“We want to fix the school-to-prison pipeline,” Gould said. “We don't want that to happen anymore, and we don't want to suspend students. And in order to do that, we're going to need a lot more support. We're going to need more personnel, more mental health supports. We're going to need more time for teachers to connect with students.”
Bacon said the issue of youth violence intersects with many agencies and that they have to be part of the solution. She recalls a community meeting in 2020 when she asked youth what was behind a spate of youth violence.
“They said, ‘We don’t have people to talk to, we don’t have places to go, we’re hungry or we need support for some of the things we’re facing by way of our health,’” Bacon said. “Our systems are not designed to meet young people where those needs are.”
Bacon said youth have told her they know students who don’t have anywhere to go after getting out of detention facilities or don’t know how to get engaged in school and spiral downward as a result.
“If we can do our part to even save three lives, it’s worth it,” Bacon said.
J.J. Reed was one of the few who successfully returned to school.
Every year thousands of Colorado youth who have been involved in the criminal justice system exit and either never make it back into school, or if they do, never graduate. One study shows that court-involved students are less likely to graduate from high school (20 percent) compared to other youth (74 percent.)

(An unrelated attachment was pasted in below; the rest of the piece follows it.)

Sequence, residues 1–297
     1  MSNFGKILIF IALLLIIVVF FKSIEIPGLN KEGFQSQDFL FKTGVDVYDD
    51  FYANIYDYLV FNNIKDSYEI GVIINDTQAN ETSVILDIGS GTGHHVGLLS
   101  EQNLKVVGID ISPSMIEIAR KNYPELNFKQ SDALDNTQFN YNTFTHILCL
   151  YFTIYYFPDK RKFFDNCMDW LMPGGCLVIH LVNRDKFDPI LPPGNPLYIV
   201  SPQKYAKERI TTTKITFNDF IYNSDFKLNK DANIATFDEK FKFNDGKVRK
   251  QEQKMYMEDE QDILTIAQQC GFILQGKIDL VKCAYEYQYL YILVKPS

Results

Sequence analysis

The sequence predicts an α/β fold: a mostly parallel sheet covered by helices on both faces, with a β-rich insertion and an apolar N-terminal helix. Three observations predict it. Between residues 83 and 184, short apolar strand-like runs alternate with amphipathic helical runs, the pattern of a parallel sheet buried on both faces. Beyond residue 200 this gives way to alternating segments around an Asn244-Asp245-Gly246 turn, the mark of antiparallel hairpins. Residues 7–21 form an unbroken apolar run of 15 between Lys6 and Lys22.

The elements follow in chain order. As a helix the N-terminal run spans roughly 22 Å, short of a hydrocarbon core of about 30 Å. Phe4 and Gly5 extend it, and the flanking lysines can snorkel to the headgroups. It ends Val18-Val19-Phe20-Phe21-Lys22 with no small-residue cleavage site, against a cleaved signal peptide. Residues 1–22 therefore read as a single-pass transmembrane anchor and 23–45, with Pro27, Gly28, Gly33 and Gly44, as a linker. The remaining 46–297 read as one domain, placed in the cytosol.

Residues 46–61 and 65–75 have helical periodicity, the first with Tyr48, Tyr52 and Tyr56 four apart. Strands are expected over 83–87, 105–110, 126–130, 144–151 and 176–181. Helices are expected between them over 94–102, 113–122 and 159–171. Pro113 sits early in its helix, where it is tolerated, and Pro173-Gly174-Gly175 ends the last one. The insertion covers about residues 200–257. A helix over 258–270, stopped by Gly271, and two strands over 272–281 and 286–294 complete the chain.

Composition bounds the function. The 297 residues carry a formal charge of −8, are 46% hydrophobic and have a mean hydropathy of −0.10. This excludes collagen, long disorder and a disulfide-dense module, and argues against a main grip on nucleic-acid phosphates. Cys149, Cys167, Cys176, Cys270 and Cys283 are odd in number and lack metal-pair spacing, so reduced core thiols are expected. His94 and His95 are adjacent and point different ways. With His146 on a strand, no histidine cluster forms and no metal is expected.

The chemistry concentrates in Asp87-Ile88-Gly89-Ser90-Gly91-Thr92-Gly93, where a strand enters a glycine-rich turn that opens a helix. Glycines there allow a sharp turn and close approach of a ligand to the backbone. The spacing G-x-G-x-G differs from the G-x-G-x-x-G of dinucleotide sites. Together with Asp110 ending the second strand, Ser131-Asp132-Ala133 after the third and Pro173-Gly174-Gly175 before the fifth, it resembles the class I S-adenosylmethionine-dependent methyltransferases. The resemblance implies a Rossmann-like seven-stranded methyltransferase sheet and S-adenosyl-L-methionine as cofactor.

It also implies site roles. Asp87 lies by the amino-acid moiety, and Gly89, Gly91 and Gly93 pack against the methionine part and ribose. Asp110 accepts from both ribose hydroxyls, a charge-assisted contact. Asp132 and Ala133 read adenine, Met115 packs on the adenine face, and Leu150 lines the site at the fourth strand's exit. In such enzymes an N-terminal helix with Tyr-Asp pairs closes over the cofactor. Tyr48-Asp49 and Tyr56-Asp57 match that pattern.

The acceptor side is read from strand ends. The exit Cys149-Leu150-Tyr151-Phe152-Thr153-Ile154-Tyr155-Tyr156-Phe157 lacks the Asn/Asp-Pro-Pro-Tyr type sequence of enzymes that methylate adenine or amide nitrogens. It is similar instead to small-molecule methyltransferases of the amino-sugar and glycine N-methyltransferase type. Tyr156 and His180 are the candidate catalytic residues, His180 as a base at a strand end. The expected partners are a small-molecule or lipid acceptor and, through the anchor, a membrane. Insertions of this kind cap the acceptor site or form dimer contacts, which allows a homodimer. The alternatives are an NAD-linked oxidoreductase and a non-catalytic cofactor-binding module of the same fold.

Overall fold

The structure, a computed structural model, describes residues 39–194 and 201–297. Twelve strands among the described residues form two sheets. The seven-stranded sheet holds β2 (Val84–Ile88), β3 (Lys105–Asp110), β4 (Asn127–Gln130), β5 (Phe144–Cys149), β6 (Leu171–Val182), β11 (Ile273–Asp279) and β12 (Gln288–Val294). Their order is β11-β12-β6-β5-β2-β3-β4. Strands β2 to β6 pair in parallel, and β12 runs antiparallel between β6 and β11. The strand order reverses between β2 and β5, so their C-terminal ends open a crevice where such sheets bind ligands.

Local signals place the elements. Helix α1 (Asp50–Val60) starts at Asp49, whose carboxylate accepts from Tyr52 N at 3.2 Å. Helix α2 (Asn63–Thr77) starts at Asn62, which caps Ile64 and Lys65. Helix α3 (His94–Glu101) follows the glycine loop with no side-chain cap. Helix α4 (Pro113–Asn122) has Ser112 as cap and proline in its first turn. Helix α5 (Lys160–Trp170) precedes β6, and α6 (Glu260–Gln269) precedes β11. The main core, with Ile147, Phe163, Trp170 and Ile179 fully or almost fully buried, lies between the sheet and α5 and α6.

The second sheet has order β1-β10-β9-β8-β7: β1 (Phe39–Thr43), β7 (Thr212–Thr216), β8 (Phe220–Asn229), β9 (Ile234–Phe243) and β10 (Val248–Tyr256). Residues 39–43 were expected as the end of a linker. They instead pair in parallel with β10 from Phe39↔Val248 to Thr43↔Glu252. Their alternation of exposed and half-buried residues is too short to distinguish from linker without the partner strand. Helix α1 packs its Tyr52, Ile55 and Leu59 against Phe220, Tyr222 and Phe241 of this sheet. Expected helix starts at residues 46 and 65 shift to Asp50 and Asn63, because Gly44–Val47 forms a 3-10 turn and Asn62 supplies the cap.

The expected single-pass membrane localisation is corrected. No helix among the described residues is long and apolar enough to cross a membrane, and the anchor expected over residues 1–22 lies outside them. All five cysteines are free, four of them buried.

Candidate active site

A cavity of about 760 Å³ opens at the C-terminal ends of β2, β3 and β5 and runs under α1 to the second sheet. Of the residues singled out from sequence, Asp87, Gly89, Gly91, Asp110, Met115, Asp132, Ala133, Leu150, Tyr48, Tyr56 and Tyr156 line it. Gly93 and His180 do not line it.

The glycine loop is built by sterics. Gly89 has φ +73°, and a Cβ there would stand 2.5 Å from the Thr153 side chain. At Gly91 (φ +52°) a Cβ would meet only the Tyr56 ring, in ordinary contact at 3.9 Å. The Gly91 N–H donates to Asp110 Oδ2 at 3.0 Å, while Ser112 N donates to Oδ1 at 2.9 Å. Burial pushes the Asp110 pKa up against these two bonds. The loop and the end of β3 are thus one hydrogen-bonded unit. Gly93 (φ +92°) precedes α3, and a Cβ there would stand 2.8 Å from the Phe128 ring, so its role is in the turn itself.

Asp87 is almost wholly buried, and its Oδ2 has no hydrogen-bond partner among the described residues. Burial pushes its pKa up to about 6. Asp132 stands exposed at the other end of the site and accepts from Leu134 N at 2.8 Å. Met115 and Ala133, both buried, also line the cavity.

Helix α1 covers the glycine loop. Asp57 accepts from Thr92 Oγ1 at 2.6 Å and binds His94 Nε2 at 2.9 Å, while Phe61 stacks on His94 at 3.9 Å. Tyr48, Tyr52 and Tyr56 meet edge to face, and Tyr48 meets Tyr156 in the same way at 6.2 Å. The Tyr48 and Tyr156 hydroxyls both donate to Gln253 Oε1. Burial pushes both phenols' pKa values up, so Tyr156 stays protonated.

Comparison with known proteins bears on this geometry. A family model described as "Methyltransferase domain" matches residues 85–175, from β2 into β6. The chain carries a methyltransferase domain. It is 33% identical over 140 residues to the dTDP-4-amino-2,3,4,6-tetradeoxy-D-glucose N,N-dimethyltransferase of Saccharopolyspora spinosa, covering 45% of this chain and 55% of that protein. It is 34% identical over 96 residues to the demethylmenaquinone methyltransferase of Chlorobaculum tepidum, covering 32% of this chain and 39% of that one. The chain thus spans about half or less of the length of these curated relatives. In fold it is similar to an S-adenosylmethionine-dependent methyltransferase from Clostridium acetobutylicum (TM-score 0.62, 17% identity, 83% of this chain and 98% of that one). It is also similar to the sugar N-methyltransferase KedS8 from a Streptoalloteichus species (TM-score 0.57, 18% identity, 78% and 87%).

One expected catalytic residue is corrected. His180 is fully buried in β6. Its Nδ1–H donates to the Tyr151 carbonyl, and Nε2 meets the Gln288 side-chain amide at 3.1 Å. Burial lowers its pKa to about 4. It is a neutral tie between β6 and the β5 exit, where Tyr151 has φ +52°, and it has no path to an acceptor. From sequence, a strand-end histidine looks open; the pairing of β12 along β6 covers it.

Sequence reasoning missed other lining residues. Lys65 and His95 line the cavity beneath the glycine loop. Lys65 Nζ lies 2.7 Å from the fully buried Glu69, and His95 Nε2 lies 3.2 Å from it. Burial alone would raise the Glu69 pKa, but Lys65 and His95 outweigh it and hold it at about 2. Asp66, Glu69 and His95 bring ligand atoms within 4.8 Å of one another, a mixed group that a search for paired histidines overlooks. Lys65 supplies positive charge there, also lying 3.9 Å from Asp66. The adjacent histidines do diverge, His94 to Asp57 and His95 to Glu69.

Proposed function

The lost potential is significant. An estimated 22,000 young people in Colorado are justice-engaged through pre-trial, lock-up, diversion and other justice programs. Last year alone, nearly 6,500 youth entered the criminal justice system for the first time.
But it’s unclear what the academic outcomes are for this group of students because those aren’t tracked, according to José Silva, vice president of Generation Schools Network, a nonprofit that works on issues relating to creating healthy school ecosystems. The group has hosted meetings on the issue across the state for more than a year.
“We are asking the community to come together to help solve this challenge because solving it means another $110 million in tax revenue contributed to the Colorado economy over their lifetime,” Silva said.
The Generation Schools Network conducted a two-year pilot that collected data on school interruption. Their study showed if supports are in place and students receive help navigating school after becoming justice-engaged, they can be successful. At the same time, the organization gathered feedback from school district attorneys, advocates who work with at-risk youth, justice-engaged youth, and community members.
“We believe we can remove barriers and dramatically increase educational attainment,” said Wendy Loloff-Cooper with Generation Schools Network. “We know that there is violence in our schools and communities, but if you put a student back into an environment without the support they need, it is an impossible situation.”
Bacon told the youth at the townhall that she is counting on them to tell their stories at legislative meetings this winter as lawmakers fine tune the legislative proposal.
“This bill came from you all, it came from young people, it came from the folks doing this work.”
You want to know what is really going on these days, especially in Colorado. We can help you keep up. The Lookout is a free, daily email newsletter with news and happenings from all over Colorado. Sign up here and we will see you in the morning!